IT3PSR-Performance and the Self in Renaissance Italy

Module Provider: Modern Languages
Number of credits: 20 [10 ECTS credits]
Level:6
Terms in which taught: Autumn / Spring / Summer module
Pre-requisites:
Non-modular pre-requisites: Pre-req: Part 2 Italian
Co-requisites:
Modules excluded:
Module version for: 2016/7

Module Convenor: Dr Francesca Medioli

Email: f.medioli@reading.ac.uk

Summary module description:

Aims:
This module aims to familiarise students with some of the most outstanding and influential examples of the culture of Renaissance Italy, which shapes our idea of civilisation to the present day. In the first part of the module, students will be introduced to two of the earliest and most important examples of Renaissance comedy. In the second part of the module, students will study one of the most significant works in the Western literary canon, Petrarch's 'Canzoniere'. All the texts studied are available in English translation.

Assessable learning outcomes:
By the end of this module students will have acquired:
- a general knowledge of Italian culture during the Renaissance and of the literary languages of the period
- a detailed knowledge of important selected texts and associated ideas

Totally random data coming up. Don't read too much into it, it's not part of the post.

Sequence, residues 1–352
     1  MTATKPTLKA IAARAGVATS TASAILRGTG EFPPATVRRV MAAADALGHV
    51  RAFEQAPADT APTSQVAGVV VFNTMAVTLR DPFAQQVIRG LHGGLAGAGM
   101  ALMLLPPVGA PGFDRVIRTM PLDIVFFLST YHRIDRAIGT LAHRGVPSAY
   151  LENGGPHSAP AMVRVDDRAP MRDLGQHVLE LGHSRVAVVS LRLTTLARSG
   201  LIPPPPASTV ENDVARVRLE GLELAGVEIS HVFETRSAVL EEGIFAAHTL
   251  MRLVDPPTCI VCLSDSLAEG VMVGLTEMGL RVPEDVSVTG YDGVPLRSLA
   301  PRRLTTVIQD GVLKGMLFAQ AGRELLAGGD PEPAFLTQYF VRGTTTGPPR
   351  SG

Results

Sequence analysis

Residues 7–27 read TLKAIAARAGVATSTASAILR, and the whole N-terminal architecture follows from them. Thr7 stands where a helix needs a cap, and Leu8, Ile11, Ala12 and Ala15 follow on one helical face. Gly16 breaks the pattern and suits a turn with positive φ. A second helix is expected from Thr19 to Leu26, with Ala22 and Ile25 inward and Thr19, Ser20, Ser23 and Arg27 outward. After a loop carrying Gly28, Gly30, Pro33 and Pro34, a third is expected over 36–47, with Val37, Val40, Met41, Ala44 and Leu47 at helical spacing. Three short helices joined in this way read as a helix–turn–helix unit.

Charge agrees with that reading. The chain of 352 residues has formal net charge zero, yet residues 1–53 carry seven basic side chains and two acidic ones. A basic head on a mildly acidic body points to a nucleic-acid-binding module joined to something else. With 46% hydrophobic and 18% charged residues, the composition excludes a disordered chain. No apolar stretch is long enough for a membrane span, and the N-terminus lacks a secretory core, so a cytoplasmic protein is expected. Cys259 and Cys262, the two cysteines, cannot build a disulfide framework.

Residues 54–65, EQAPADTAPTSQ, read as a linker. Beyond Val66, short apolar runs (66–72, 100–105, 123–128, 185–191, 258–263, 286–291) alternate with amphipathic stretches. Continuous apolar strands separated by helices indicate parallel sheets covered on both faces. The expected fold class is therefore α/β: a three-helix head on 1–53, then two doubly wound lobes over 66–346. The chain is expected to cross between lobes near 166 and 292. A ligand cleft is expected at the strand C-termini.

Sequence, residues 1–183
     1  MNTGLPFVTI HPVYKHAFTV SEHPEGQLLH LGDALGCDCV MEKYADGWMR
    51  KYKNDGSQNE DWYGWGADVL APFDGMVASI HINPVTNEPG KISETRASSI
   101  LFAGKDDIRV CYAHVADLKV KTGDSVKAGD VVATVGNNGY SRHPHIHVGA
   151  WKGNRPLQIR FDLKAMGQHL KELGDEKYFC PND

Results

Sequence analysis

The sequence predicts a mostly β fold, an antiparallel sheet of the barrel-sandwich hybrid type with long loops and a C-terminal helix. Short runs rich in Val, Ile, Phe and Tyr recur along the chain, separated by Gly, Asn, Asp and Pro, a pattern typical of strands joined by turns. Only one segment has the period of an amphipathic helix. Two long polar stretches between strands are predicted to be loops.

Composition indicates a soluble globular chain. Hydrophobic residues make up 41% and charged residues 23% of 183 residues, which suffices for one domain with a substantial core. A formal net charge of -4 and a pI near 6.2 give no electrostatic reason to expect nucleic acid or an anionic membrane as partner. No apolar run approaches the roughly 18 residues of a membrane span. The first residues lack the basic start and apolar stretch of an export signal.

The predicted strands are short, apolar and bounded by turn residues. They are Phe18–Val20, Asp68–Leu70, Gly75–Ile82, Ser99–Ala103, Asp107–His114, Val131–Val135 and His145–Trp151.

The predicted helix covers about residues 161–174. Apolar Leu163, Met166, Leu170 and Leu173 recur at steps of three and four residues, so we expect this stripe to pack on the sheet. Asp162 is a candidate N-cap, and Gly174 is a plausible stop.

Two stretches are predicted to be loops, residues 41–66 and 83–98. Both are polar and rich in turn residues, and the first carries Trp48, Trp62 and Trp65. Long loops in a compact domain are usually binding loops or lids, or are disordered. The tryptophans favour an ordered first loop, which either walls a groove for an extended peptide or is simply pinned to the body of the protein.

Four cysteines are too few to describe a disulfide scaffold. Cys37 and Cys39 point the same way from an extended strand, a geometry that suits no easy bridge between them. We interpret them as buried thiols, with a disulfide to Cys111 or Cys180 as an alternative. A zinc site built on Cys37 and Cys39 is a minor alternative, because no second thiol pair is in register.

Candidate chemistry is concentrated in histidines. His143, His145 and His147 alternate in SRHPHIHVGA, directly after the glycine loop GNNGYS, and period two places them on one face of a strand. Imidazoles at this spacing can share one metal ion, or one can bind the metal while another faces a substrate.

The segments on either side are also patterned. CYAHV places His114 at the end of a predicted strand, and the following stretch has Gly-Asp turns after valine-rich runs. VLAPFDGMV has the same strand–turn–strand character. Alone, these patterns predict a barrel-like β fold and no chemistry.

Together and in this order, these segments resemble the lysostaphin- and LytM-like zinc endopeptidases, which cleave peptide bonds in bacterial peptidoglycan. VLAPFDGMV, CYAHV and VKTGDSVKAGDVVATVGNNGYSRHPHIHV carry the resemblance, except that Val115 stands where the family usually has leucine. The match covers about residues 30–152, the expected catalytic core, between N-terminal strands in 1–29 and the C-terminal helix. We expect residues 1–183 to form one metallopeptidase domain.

- skillls in academic writing and oral presentation, research, literary analysis and criticism.

Additional outcomes:
The module also aims to encourage the development of independent thinking and arguing, both orally and in writing. Students will be able to develop IT skills and to explore issues of dramatic performance.

Outline content:
Autumn Term:

After a short series of introductory lectures on Italian culture in the Renaissance and the rebirth of the classical form of comedy, students will study the following:

1. Renaissance Theatre

Bibbiena's 'Calandria' (1513) and Machiavelli's 'Mandragola' (c. 1518) are amongst the earliest so-called regular comedies to be produced in Italy, that is, comedies modelled on classical examples. They would both be immensely influential within the European context. These plays are much more than direct imitations, however, drawing also on the more recent novella tradition, as well as a rich contemporary tradition of courtly festivals and performances. Both writers demonstrate a sophisticated appreciation of wit and comic techniques, and reflect the tastes and ideals of their elite audiences. Yet, much of the enduring appeal of these comedies lies in their irreverent challenge to social conventions such as class and gender, and particularly in Machiavelli's case, the exploration of the subversive side to the genre.

Spring Term

2. Petrarch

Petrarch, one of the greatest and most influential European poets, can be regarded as the founder of lyric poetry as a literary genre in its own right. His perception of the poet as an intellectual of the highest cultural and philosophical standing, and his refined language and imagery had a fundamental influence on Renaissance poetry, literature and culture. Even modern and contemporary poetry cannot be fully appreciated without reference to his work. The classes will focus on the main thematic, structural and stylistic features of his masterpiece, the 'Canzoniere'.

Brief description of teaching and learning methods: